"I never tried absinthe," Arlo says. "I wonder what it would be like while you had synesthesia. Maybe it would make everything look normal." He grins at the thought. He too keeps a swift pace. The more distance between them and that thing, the better.

"So tell me, if you have all the money for these antiques, why don't you just buy them?" he says. "Not that I'm complaining. I'd much rather be putting that money toward my future. Or is it that you need the specific antique and it's not always for sale." He holds up a hand, adding quickly, "You don't have to tell me anything. I don't need to know."

"Eh, no…a valid question for one so young." Ambrose sports a small frown of thought for a dozen steps or so before he explains, "It like as not boils down to two major things - perhaps three, but that is mincing philosophies and I'd rather drink than do this. Old habits, firstly. I was not rich when my task began. Theft was the only way for a number of years to acquire the items. One does not fail at theft and continue on." A look askance at Arlo and small nod, as if implying the young man knows this well. "I needed to be not only accomplished, but better than the evolution of society around me. Money cannot get you everything." This said wryly. "The other reason? Boredom. Exchanging coinage or bills is all well and good, but…beating out another man's attempt to vouchsafe what he should not have?" A grin, crooked as the day is long. "Addicting." They're on the approach to the Kingmaker now, after slipping across the deserted street. "No purer drug than that of success in the face of adversity."

Arlo grins, another one of those captivating smiles. "I get it," he says. "It's why I sometimes sneak home from being out, not because there's anyone after me, but because it becomes a game. In a city full of people, how do you use their own presence against them? Then, if I ever do need to beat feet, it's second nature."

He only casts a few glances behind them as they go along. The further from the graveyard they go, the more relaxed he is. "I'd tell my wizard friend about that thing if I knew how to get hold of him. And if he was my friend. I bet he could magick it away."

"A wizard friend? Puh." A clatter of boots and they descend into the pub proper. Of course the bouncer knows who they are; Arlo barely gets a side-glance these days. Ambrose's voice drops to something low and cold. "They're nothing but backstabbing meddlers…full of their own pride and plannings, happy to use you as a tool and discard you once you're no longer useful. You mind yourself, Avery. I don't want to find you as something beyond your usual self." His usual spot is claimed, considering it's perpetually empty (and no one wants to fight him for it) and he waits until Arlo is seated to order.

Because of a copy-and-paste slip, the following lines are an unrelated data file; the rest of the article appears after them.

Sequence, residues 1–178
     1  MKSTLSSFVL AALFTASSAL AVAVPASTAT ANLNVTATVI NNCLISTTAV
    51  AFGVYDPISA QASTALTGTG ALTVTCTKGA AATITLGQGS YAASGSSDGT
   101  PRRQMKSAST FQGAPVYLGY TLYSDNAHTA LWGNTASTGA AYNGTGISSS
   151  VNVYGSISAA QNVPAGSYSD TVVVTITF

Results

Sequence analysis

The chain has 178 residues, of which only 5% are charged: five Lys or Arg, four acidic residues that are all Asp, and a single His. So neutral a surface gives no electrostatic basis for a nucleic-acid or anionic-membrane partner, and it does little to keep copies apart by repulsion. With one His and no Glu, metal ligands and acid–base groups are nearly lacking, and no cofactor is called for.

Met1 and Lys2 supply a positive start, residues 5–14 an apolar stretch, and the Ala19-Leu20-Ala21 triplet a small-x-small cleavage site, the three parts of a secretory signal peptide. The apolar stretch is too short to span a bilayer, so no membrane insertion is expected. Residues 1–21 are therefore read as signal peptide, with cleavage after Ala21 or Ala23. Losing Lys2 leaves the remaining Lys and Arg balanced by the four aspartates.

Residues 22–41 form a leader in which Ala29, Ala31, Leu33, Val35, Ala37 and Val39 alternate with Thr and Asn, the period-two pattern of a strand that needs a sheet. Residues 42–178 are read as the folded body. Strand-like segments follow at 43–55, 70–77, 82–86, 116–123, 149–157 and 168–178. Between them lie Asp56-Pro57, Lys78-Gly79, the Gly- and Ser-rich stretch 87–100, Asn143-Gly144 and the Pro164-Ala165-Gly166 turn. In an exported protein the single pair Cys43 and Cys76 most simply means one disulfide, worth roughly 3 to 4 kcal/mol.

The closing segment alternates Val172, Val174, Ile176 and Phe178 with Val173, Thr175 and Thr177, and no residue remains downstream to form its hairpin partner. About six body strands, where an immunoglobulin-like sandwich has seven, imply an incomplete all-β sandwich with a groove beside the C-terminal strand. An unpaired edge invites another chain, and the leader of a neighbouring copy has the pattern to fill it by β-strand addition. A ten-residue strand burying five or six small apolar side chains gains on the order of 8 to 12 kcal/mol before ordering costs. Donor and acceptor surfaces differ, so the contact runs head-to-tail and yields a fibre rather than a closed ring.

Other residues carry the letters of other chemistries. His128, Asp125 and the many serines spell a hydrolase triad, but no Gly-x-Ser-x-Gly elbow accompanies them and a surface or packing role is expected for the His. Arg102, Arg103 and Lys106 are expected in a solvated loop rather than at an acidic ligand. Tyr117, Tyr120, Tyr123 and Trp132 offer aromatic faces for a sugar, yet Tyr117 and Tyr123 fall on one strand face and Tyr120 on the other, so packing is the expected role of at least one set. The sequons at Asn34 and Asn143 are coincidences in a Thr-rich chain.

"Three rounds of vodka, top shelf, I trust your judgment." The bartender nods and disappears down the way to the shelvings of row upon rows of colored bottles. "I don't trust wizards," he's sure to add, though it might have been obvious from his earlier venomous commentary.

"That sounds about right," Arlo says. "But I don't think this guy's got any designs on me. I'm, what do you call it, below the radar. We just crossed paths a couple times." He hops onto what is becoming his usual spot by virtue of always being with Ambrose. He flashes the bartender a smile, then looks around the place. He's becoming quite fond of this pub, though he only comes to it when he's with the Brit. "You're probably wise not to," he says, "but you gotta admit, he'd make quick work of that whatever-we-saw."

"If he's more than the average hedge-witch, perhaps. If you seen him again, by all means, pass on word. Weird bastard will be making my job easier by loads." The vodkas arrive, three glasses a-piece before each gentleman, and Ambrose picks up the first shotglass. "To your curious issue of crossed wiring," says he before throwing back the liquor. Crisp, clean, smooth with a kick when it hits the stomach. A soft hiss and then another sigh. "…you wouldn't know if he has any antiques I might be interested in?" The Jackal, now intrigued by his own idea, gives Arlo an expectant look even as he holds the second full glass, not yet thrown back.

"He flies without a broom," Arlo observes, though he's not entirely certain what nuance this will convey as to the wizard situation. "If it comes up, I'll tell him. Someone's going to get eaten." He watches Ambrose knock back the vodka, and he mimics the man (because he's such a role model). Then he coughs a little and presses the back of his hand to his lips. "Nice," he rasps when that stomach kick hits.

He thinks about Ambrose's question. "I don't know for sure," he admits, "but I'd be surprised if he didn't have a house full of stuff. He seems the type to have stuff. I wouldn't mess with him, though. He's got a nightmare horse. It's all fiery-eyed and vicious."

A wrinkle of his nose at the ownership of the fiery-eyed nightmare horse. Ambrose throws back his second shot on an empty stomach and sets down the glass, blowing a sigh. "Hmm. That could prove difficult…but as you said…the wizard types do seem to collect the rarer antiques as they live their lives. I believe we'll need to pay your wizard friend a visit and see what his abode has to offer us…" He takes up the final glass and clinks it to Arlo's own glass. "Cheers. To success." At everything, apparently, including downing some pretty potent vodka in a short amount of time. Best role model ever!